Queensland’s Environment Minister Leeanne Enoch has questioned the political pressure and environmental credibility behind federal counterpart Melissa Price’s approval of Adani’s groundwater management plan.
According to The Courier-Mail ($) and The Guardian, Enoch has voiced concerns that the internal pressure on Price “reeks of political interference”. Enoch also said that a 63-page dissenting report on Adani from the CSIRO and GeoScience Australia, written in February and assuaged with new advice from Adani in March, was received by the Queensland Government less than 30 minutes before Price’s announcement, despite multiple requests.
The Guardian reports that the initial CSIRO/GSA findings provide Queensland with a trigger to block the mine.
Labor is expected to unveil plans for up to $1 billion in funds for electric and hydrogen-powered car manufacturers in an attempt to resurrect the Australian car industry.
According to the ABC, Labor has been quietly working on a multi-million dollar plan for car maker research and development grants, with high-ranking US executives reportedly travelling to discuss “co-investment” options with ALP figures. The news drops as the Coalition launches both electric vehicle fear campaigns and funding announcements, while new Department of Environment and Energy analysis finds official government and opposition policies could result in identical EV uptakes.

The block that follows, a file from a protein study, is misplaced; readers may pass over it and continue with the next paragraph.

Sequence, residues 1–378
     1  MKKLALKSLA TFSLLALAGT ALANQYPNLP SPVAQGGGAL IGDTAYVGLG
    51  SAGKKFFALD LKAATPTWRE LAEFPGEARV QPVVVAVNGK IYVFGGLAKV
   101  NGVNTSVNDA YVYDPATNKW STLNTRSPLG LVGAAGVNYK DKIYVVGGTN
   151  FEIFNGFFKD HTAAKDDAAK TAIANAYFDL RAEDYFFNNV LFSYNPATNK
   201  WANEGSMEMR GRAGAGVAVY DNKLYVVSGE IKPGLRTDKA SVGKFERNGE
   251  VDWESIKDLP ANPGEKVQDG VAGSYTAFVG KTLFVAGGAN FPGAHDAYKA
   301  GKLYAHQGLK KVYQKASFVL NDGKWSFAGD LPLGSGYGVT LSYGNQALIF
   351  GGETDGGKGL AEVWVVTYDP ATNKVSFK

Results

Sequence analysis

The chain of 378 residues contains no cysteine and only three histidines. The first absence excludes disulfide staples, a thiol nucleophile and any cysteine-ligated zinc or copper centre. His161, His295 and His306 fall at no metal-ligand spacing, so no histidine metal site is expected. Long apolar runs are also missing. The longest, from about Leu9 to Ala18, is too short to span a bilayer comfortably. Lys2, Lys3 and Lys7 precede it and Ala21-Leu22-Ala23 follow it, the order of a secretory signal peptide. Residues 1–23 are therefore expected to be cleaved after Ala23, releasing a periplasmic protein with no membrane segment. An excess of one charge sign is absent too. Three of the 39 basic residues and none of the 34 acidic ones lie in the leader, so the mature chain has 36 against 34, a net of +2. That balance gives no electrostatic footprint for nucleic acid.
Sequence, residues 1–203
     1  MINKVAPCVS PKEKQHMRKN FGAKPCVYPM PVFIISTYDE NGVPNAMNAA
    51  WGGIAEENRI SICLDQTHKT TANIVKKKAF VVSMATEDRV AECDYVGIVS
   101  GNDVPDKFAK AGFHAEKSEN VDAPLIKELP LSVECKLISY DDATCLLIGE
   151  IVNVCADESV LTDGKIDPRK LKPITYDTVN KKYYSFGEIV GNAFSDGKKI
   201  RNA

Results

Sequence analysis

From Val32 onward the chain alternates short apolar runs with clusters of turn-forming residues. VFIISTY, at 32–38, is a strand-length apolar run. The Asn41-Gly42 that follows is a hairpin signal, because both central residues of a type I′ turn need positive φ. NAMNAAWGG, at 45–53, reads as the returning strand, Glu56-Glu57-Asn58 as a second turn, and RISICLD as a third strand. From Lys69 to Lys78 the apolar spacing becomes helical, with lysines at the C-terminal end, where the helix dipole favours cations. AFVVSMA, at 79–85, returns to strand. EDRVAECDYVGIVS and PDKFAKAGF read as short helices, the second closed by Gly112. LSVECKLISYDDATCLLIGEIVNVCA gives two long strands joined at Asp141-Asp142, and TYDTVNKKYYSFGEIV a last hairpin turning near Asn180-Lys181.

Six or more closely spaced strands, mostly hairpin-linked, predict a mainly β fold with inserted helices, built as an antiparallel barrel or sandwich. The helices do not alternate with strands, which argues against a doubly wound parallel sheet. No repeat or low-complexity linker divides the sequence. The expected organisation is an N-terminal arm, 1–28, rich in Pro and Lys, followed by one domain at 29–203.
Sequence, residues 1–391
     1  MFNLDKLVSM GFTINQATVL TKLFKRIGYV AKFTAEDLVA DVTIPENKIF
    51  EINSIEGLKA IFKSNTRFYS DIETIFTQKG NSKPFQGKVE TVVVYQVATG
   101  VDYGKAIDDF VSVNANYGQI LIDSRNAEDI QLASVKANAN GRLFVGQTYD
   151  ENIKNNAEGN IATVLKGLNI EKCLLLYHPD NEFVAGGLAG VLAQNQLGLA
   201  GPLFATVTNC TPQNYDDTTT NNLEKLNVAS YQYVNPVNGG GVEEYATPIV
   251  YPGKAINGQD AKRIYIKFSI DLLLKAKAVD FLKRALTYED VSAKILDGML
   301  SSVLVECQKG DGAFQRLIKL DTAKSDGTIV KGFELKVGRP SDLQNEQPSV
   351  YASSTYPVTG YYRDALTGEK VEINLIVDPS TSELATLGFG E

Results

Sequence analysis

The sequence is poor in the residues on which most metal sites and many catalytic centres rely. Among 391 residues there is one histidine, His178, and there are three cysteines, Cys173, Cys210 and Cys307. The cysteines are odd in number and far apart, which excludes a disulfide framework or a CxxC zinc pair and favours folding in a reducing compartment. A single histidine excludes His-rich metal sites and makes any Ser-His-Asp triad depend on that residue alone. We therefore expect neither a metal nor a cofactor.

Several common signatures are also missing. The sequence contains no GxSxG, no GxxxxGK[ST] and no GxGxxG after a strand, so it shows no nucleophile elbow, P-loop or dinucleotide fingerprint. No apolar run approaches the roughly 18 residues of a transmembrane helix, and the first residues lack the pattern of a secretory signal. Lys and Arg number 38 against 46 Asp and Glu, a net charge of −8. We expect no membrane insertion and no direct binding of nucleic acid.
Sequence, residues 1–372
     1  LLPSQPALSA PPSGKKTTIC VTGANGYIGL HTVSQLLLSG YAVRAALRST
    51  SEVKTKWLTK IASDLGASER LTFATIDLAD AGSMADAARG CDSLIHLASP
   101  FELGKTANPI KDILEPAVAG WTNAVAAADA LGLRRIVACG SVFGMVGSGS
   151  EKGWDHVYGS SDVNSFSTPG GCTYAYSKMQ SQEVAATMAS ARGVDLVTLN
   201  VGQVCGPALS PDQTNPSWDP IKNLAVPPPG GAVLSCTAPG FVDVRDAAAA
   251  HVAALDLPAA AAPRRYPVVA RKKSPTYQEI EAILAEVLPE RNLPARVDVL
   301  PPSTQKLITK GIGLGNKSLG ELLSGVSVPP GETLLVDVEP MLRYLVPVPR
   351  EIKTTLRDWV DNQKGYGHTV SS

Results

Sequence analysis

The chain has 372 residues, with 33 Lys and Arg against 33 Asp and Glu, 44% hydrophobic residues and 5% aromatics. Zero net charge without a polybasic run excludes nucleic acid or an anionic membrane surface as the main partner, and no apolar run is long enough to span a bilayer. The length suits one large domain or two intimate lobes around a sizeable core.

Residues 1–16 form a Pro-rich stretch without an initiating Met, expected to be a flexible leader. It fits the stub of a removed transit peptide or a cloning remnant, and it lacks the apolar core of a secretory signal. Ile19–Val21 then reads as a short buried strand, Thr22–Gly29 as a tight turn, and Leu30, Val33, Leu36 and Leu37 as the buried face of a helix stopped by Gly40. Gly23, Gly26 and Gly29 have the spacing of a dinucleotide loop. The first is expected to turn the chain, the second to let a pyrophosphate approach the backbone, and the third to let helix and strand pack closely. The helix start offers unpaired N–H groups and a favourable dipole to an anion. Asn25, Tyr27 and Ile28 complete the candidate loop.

YOU WYNN SOME…
Las Vegas casino operator Wynn Resorts has abruptly walked away from a $10 billion takeover proposal for James Packer’s Crown Resorts, blaming the “premature disclosure” of the discussions by its Australian rival.
The SMH and The Australian ($) report that Wynn has announced it “terminated discussions” less than a day after Crown issued a statement about “confidential discussions” around a proposed $10 billion cash-and-stock deal. The SMH also reports that Packer has been shopping around the casino empire for months.
THEY REALLY SAID THAT?
Did you know Bill Shorten is my father? Hi dad, love you!
Conservative lobby group Advance Australia offers an early election highlight in the form of a deeply confusing anti-GetUp! superhero.
CRIKEY QUICKIE: THE BEST OF YESTERDAY
“On the first shabbat of the year, swastikas appeared in Melbourne. Between you and me, I haven’t been my chatty self since then. At some point on or around January 5, I was struck by confusion, then silence.”
“We know the election will likely fall on a Saturday in May but, frustratingly, the government has resisted giving us an exact date, with the 18th or 25th both firming as favourites. Since Australia doesn’t have fixed parliamentary terms for the House of Representatives, Morrison still has considerable control over when the election is held. Without a fixed date, the timing of the election is determined by a complicated series of provisions in the Constitution and Electoral Act.“
“This week, the long simmering question of the influence the Chinese Communist Party exerts over Australian politics returned to the surface as an Age, Sydney Morning Herald and Four Corners investigation — “China’s Operation Australia” — revealed more connections between Communist Party-linked Chinese businessmen and Australian politicians.”
READ ALL ABOUT IT
Both sides bank on patient power ($) — Sean Parnell (The Australian): “Behind all the political pointscoring, there is bipartisan acknowledgment that something should be done about patients’ out-of-pocket fees. The Coalition and Labor have both identified gap fees as a problem, and cancer services as especially deserving of attention. However, their proposed solutions differ greatly.”